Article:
Corneal Dystrophy


Corneal dystrophies are a group of rare disorders which usually affect the corneas in both eyes.  The cornea is the transparent front of the globe of the eye.  It owes its transparency to the presence of a regular lattice structure of collagen fibres. Anything which affects this regularity results in loss of the transparency which is essential for good corneal function and health.


This group of disorders tends to run in families and the causes of most corneal dystrophies will lie in individual genetic make-up.  They may be present at birth, but more frequently develop during adolescence and progress gradually throughout life. Some forms are mild, others severe.


Although age of onset, symptoms and progression differ in the various dystrophies, most cases of corneal dystrophy fall into three types, classified by their inheritance pattern and appearance.

  • Granular Dystrophy usually starts at around 5 years of age. This can be seen as small white dots in the centre of the cornea or may take the form of lines radiating from the centre. These signs can increase in size and number and by 50 years of age, opacities are visible to the naked eye.
  • Macular Dystrophy (not to be confused with macular degeneration which affects the retina at the back of the eye) usually starts in the first decade of life and appears as a thin superficial corneal veil with isolated opacities when seen with a slit lamp. It is the least common type of dystrophy. Acute, short lived, attacks may be experienced and there is increasing haziness of the central part of the cornea and increasing isolated opacities.
  • Lattice Dystrophy can develop in infancy but more usually during the second decade of life. This is seen as a cobweb of fine lines which develop into a lattice-like pattern. By 40 years of age onwards, the centre of the cornea can become irregular with ill-defined opacity. Although in some people the pattern of progress is less severe, acute attacks are experienced which can contribute to relatively early onset of sight loss.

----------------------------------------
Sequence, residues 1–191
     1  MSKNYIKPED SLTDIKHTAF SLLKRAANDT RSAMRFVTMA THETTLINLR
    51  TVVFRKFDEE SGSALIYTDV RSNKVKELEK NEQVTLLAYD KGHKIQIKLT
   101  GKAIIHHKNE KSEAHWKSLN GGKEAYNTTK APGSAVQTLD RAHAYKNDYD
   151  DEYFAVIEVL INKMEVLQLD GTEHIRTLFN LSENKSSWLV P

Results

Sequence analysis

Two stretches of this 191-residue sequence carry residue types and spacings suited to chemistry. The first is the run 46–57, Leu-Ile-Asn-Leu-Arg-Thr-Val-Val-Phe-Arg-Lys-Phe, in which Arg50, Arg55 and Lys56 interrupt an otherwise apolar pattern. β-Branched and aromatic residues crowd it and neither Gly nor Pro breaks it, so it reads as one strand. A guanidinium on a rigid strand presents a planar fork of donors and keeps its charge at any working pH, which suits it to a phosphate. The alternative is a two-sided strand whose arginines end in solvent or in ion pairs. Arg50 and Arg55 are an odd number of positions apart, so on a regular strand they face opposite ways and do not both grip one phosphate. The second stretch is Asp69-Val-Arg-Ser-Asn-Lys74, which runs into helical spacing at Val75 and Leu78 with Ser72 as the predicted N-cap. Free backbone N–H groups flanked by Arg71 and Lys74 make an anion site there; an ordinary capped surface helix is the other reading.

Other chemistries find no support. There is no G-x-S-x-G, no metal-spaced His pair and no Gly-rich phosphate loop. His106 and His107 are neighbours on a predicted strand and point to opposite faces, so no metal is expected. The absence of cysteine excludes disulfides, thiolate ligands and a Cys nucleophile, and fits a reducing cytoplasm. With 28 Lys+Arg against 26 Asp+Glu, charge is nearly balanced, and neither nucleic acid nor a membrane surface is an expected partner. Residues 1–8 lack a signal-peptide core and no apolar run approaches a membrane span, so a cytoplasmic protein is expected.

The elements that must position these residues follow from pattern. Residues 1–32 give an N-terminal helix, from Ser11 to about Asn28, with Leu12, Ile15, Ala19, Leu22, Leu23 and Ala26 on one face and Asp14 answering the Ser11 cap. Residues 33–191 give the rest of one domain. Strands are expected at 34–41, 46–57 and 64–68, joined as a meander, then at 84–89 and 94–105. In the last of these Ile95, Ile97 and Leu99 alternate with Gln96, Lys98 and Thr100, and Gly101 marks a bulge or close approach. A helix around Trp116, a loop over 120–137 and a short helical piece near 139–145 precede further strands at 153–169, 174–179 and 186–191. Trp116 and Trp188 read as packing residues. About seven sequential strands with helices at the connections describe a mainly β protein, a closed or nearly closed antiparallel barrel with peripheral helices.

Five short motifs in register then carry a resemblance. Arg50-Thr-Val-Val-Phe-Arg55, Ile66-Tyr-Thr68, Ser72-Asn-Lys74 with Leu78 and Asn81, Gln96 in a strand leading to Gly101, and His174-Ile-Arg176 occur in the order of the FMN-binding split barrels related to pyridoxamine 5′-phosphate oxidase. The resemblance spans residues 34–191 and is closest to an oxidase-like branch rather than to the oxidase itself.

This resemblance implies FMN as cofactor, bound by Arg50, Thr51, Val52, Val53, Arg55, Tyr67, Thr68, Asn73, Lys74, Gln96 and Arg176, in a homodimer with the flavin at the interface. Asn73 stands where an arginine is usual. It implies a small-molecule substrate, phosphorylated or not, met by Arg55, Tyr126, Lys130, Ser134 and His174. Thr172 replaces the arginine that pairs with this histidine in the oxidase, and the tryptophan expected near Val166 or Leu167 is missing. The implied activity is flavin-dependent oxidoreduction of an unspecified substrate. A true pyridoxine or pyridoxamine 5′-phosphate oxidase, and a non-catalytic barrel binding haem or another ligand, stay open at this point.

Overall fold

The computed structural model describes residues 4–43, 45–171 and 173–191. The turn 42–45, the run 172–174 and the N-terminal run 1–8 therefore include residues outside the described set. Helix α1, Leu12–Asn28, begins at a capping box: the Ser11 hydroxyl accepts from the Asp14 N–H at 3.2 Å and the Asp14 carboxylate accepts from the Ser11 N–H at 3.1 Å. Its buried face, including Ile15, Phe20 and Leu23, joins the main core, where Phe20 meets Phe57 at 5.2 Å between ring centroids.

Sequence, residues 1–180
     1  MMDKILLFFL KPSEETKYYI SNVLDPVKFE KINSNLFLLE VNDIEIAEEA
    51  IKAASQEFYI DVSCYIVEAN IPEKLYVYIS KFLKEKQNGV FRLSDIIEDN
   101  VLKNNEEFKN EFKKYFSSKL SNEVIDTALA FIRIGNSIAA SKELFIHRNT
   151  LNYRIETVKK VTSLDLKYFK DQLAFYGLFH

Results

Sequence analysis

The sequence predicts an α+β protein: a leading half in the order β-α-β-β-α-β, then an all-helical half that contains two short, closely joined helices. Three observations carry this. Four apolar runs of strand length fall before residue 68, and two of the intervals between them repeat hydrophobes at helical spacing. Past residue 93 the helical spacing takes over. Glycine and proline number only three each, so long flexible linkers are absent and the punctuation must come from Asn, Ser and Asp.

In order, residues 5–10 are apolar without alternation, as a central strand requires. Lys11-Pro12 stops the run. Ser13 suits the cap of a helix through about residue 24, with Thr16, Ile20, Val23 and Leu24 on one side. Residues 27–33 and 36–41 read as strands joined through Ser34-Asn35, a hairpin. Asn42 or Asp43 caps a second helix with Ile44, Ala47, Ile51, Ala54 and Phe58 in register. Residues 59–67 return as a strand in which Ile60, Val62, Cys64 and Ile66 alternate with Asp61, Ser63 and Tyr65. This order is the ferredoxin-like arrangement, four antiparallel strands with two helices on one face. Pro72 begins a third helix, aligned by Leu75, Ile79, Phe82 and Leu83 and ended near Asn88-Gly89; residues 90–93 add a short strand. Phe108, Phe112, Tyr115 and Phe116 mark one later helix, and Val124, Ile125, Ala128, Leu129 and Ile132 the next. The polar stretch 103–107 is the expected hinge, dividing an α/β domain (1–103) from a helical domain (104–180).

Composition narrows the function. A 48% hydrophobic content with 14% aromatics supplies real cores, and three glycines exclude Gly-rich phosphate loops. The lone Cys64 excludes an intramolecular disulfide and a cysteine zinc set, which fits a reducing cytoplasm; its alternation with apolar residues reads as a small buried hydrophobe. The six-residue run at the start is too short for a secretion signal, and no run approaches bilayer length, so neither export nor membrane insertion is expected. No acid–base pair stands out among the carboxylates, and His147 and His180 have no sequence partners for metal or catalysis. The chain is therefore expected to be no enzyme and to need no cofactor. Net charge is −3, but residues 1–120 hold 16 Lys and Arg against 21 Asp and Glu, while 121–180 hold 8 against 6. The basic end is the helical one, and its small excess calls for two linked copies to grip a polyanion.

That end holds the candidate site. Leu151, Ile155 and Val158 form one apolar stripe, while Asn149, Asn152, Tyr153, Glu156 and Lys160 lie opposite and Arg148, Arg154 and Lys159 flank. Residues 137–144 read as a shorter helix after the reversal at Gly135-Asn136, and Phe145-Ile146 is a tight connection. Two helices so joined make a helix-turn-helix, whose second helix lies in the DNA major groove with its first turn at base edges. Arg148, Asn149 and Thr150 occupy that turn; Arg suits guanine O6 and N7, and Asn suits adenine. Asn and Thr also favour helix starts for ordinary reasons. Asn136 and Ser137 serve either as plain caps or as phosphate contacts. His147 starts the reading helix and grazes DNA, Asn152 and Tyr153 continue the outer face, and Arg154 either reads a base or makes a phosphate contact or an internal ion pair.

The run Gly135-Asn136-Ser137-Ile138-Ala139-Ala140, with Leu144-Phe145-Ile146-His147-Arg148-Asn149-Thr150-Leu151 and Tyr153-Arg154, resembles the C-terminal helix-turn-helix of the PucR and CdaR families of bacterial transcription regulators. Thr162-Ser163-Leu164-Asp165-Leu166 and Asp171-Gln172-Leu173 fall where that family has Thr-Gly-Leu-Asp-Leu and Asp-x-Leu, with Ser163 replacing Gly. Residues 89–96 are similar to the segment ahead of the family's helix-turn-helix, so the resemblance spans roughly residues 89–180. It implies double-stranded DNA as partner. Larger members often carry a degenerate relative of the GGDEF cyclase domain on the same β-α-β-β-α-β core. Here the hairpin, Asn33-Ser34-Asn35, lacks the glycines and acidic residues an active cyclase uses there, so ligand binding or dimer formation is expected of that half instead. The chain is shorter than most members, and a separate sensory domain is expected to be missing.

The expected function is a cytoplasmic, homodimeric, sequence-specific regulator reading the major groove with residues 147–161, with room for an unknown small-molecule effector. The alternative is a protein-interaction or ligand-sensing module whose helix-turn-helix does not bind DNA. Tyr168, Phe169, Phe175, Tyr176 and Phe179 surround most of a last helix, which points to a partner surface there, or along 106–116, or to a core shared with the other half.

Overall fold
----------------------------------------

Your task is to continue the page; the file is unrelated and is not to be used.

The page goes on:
Among the many other types, Map/Dot/Fingerprint Dystrophy, Fuch’s Dystrophy, Meesman Dystrophy and RET-Buckler Dystrophy are most encountered.

The Genetics of Dystrophies

Dominant, single gene diseases result from one of a pair of matched autosomal genes having a disease and the other being normal. With each pregnancy there is a 1 in 2 chance of the disease appearing in the offspring. Recessive single gene disease requires both parents to carry the condition and this results in a 1 in 4 inheritance risk in each pregnancy. Only siblings within a single generation are affected, unless members of that generation create offspring with another carrier of the specific gene.

It is valuable to seek genetic advice on all conditions, which have an hereditary cause in order to identify how this may affect individual family members.



Although there are many more forms of corneal dystrophy, likely outcome varies with the type of dystrophy.  In some conditions corneal grafting offers a good prospect of visual improvement, but there is nothing that can be done to stop a dystrophy that has been diagnosed. If you or someone in your family has been diagnosed with a corneal dystrophy, contact us to make an appointment to discuss your condition.

At cameronoptometry, our examinations involve a thorough examination of all parts of the eye including a high magnification examination of the cornea and all its layers to detect even the earliest signs of corneal dystrophy.


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